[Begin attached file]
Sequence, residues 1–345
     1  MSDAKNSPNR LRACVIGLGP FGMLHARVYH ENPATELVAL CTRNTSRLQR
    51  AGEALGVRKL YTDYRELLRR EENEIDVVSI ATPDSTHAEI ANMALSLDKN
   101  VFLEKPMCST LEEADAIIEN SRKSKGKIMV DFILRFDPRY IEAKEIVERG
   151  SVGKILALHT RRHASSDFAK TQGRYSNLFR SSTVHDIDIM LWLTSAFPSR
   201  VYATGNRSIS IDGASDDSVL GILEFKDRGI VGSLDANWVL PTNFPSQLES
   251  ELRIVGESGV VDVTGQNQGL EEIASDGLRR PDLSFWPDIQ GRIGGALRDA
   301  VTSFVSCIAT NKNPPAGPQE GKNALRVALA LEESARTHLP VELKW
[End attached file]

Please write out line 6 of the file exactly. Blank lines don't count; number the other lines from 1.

   201  VYATGNRSIS IDGASDDSVL GILEFKDRGI VGSLDANWVL PTNFPSQLES